Dillon worked with the Town of Milton, Ontario, to create a Fire Master Plan (F.M.P.) as a component of its strategic community planning and growth development process. Initiating this fire master planning process was also consistent with industry best practices that recommend a review and update of a community’s F.M.P. based on a ten-year planning horizon.
The primary focus of the analyses was to provide a comprehensive review of the fire protection services provided by the Milton Fire Department (M.F.D.) in comparison to the Town’s legislative requirements as required by the Fire Protection and Prevention Act 1997 (F.P.P.A.) and Occupational Health and Safety Act, R.S.O. 1990. In May 2018, the Ministry of the Solicitor General adopted Ontario Regulation 378/18: Community Risk Assessments under the F.P.P.A., which required every fire department to complete a Community Risk Assessment (C.R.A.). The C.R.A. included nine mandatory profiles that were intended to inform decisions about the provision of fire protection services within a community.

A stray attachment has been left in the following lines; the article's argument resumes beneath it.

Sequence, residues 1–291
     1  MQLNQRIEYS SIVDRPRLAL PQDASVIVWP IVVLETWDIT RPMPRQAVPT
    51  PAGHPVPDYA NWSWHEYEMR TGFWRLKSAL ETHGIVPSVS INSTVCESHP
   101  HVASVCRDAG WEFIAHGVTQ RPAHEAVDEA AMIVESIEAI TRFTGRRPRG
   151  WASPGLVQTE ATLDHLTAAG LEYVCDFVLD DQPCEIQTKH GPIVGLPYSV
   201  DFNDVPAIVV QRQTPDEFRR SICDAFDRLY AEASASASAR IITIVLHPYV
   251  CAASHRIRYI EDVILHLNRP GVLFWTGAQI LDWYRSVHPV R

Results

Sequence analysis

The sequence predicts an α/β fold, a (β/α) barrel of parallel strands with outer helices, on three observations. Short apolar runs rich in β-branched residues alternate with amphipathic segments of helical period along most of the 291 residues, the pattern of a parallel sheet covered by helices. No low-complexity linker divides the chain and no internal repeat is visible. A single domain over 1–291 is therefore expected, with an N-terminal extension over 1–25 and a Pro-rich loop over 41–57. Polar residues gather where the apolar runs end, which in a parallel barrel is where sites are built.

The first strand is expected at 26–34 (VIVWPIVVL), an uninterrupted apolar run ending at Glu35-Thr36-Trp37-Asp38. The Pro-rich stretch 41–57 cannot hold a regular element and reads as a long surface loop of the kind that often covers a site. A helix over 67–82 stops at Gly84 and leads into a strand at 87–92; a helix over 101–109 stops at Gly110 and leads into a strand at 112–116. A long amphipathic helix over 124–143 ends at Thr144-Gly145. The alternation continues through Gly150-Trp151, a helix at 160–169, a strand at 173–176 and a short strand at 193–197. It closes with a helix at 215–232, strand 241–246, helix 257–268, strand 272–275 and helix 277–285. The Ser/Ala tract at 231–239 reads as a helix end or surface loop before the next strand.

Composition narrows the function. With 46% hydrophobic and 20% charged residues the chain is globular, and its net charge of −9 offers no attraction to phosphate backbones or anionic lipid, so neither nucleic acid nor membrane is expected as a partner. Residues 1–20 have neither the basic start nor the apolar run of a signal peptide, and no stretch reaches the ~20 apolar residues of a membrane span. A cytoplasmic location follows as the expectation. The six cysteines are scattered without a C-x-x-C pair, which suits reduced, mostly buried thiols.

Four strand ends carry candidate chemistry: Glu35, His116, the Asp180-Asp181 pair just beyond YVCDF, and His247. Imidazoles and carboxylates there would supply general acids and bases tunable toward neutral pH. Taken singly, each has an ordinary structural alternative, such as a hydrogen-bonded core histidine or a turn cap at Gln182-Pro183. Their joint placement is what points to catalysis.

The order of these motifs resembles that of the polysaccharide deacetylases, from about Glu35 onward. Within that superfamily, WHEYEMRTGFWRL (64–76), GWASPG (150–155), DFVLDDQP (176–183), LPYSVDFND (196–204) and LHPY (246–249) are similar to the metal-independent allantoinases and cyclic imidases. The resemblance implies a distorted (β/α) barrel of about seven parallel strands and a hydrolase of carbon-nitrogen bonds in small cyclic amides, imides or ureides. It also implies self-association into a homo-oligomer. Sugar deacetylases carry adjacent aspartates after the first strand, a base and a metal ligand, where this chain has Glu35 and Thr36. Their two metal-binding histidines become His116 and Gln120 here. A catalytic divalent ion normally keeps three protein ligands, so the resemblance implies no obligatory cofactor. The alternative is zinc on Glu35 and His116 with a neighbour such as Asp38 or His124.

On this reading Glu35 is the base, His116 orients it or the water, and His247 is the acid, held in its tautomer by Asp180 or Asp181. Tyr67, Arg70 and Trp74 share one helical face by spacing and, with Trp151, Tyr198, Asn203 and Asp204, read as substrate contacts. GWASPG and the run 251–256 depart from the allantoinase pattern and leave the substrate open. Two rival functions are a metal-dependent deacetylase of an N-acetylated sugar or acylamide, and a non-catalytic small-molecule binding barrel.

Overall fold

The continuing rapid community growth in Milton has contributed to an increase in emergency call volume and an expanding building stock that includes vulnerable occupancies such as senior care facilities, and high rise high-risk taller buildings. The result has been a higher demand to increase the number of full-time firefighters to provide an effective and efficient response based on the fire risks present.This fire master planning process recognised the importance of sustaining the use of part-time firefighters as the initial responders in the rural area of the community and in support of the full-time firefighters within the defined urban area. The sustainability strategy presented included revising the organizational structure of the part-time firefighters and increasing the total number of part-time firefighters assigned to each station.